I use our outdoor gas grill year-round.
In fact, after the blizzard in January, I made sure I shoveled all the snow away from the grill Sunday morning so I could use it to make hamburgers the following Tuesday night.
But not everyone is me.
For those of you who prefer not to cook out in cold weather, Jim Ginocchi, president of Coyote Outdoor Living, has come up with a checklist for prepping and protecting your grill for the winter:
Make sure it’s clean. During outdoor- entertaining season, cleaning the grill may not be a priority when a delicious feast awaits. But while it may be possible to regularly use a grill without cleaning between uses, that approach is not wise for the “hibernation” season.
To avoid opening your grill to find remnants of that last meal, take the time to conduct a thorough cleaning of the grill after the last warmer-weather session.
Try to avoid accidents. To prevent leaks that may cause larger issues, disconnect the propane tank (or other fuel source).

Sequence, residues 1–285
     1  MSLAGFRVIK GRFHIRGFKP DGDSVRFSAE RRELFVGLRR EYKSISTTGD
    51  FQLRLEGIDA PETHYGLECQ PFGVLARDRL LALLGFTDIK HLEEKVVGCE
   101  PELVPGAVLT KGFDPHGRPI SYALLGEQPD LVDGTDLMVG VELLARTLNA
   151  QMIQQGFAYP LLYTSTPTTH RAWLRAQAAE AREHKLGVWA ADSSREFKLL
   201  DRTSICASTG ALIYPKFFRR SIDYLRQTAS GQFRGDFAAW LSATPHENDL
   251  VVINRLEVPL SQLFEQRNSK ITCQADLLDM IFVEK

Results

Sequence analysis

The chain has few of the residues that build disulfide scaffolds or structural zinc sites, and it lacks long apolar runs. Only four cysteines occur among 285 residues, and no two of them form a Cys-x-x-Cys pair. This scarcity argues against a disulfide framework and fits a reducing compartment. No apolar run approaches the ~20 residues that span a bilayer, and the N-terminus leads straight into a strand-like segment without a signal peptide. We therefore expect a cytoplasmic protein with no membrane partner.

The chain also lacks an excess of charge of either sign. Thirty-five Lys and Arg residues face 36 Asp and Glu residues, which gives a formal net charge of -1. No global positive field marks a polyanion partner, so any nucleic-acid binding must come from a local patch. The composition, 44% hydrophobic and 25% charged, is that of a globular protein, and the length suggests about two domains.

Be sure to shut off the control valve and keep the propane tank in a dry location until it is reconnected to the grill the following spring.
Keep it protected. Whether it’s a simple cart model or a full outdoor kitchen, any grill must be sheltered from the rough winter elements, to ensure it isn’t damaged and will be ready for spring.
If the grill is on a movable cart, roll it into a shed, a garage or some other protected area.
For built-in models, ultra-durable grill covers are the best bet for offering protection from the elements.